LONDON: Prime Minister Boris Johnson ordered Huawei equipment to be purged completely from Britain’s 5G network by 2027, risking the ire of China by signalling that the world’s biggest telecoms equipment maker is no longer welcome in the West.
The seven-year lag will please British telecoms operators such as BT, Vodafone and Three, which had feared they would be forced to spend billions of pounds to rip out Huawei equipment much faster. But it will delay the roll out of 5G.
The United States had long pushed Johnson to reverse a decision he made in January to grant Huawei a limited role in 5G. London has also been dismayed by a crackdown in Hong Kong and the perception China did not tell the whole truth over the coronavirus.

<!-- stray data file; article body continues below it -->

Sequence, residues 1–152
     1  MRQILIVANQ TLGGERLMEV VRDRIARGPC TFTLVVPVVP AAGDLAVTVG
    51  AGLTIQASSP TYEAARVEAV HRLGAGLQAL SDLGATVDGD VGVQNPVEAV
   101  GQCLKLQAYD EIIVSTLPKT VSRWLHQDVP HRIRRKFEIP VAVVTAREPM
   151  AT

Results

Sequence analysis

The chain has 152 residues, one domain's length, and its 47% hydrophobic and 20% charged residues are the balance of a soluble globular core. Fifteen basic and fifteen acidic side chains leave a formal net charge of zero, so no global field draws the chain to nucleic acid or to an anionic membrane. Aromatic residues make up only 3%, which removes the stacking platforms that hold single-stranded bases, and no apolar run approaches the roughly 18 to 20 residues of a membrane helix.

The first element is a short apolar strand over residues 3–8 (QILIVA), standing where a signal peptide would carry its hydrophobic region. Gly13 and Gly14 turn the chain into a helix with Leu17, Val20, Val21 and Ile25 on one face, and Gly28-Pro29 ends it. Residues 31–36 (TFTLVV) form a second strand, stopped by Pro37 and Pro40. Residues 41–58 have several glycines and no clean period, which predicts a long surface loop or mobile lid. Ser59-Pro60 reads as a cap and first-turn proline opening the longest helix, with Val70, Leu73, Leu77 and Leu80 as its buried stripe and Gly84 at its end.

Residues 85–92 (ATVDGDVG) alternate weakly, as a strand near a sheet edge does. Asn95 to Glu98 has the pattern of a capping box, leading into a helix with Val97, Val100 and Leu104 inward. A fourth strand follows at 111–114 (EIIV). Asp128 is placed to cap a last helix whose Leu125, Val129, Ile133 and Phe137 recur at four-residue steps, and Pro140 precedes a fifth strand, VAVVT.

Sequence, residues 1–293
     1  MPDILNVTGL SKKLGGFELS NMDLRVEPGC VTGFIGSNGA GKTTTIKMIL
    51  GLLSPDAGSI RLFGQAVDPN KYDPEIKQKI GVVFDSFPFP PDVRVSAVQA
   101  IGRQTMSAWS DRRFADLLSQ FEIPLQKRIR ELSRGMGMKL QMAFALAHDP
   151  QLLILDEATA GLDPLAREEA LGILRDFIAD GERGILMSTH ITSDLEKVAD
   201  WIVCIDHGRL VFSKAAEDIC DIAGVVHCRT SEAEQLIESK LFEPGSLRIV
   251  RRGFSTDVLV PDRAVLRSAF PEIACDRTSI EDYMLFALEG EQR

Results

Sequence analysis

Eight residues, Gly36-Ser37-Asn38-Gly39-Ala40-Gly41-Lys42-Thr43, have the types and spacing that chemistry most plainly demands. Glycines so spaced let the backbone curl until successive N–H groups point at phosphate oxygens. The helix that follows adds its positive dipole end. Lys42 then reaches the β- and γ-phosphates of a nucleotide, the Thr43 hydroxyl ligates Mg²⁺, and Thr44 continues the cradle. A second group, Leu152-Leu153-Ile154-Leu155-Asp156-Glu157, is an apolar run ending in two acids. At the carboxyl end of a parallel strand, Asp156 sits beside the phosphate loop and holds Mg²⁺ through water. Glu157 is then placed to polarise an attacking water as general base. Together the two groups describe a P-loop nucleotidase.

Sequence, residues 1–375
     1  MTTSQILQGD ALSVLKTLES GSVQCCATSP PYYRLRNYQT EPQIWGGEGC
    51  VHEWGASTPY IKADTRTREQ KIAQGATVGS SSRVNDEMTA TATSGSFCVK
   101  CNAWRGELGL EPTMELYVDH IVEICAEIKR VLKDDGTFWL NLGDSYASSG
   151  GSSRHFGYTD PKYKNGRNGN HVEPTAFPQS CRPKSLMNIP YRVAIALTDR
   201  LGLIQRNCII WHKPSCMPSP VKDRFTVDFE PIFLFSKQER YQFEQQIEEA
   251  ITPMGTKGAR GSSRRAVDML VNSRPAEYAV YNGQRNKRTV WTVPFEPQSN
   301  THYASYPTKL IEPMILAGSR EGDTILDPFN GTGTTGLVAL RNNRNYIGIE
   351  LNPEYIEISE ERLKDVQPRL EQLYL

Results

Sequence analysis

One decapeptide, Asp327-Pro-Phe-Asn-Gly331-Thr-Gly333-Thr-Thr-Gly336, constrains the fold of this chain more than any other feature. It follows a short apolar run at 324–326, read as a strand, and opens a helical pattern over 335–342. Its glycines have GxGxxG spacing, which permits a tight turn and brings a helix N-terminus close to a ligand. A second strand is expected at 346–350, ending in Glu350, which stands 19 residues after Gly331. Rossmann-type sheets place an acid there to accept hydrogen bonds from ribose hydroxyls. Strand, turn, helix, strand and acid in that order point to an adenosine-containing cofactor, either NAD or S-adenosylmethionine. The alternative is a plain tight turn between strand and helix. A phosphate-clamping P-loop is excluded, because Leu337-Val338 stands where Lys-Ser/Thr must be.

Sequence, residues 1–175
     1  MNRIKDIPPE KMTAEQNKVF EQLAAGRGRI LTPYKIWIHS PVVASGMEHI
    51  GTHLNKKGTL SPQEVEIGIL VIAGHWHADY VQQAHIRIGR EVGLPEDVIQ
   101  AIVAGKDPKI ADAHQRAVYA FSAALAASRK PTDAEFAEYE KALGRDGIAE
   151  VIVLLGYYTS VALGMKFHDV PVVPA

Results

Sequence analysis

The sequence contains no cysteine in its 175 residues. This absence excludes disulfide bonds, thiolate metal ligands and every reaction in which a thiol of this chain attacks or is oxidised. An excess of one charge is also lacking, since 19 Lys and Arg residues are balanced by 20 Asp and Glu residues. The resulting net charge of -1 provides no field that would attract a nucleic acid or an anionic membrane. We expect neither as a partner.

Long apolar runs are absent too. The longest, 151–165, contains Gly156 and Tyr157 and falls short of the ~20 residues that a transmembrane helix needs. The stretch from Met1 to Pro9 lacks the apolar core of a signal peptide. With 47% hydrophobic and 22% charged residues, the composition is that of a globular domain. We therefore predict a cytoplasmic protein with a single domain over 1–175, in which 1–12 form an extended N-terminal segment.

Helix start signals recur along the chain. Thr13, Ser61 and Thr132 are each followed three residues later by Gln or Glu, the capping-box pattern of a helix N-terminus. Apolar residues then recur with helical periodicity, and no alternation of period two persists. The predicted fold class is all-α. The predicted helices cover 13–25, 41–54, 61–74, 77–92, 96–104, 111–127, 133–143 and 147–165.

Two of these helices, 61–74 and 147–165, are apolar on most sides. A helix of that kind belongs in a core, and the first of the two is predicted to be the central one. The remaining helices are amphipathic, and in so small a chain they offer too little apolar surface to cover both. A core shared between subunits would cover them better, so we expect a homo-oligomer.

Britain’s National Security Council (NSC), chaired by Johnson, decided on Tuesday to ban the purchase 5G components from the end of this year and to order the removal of all existing Huawei gear from the 5G network by 2027.
The cyber arm of Britain’s GCHQ eavesdropping agency, the National Cyber Security Center, told ministers it could no longer guarantee the stable supply of Huawei gear after the United States imposed new sanctions on chip technology.
Telecoms companies will also be told to stop using Huawei in fixed-line fiber broadband within the next two years.
“This has not been an easy decision, but it is the right one for the UK telecoms networks, for our national security and our economy, both now and indeed in the long run,” Britain’s Digital, Culture, Media and Sport Secretary Oliver Dowden told parliament.
“By the time of the next election, we will have implemented in law, an irreversible path for the complete removal of Huawei equipment from our 5G networks.”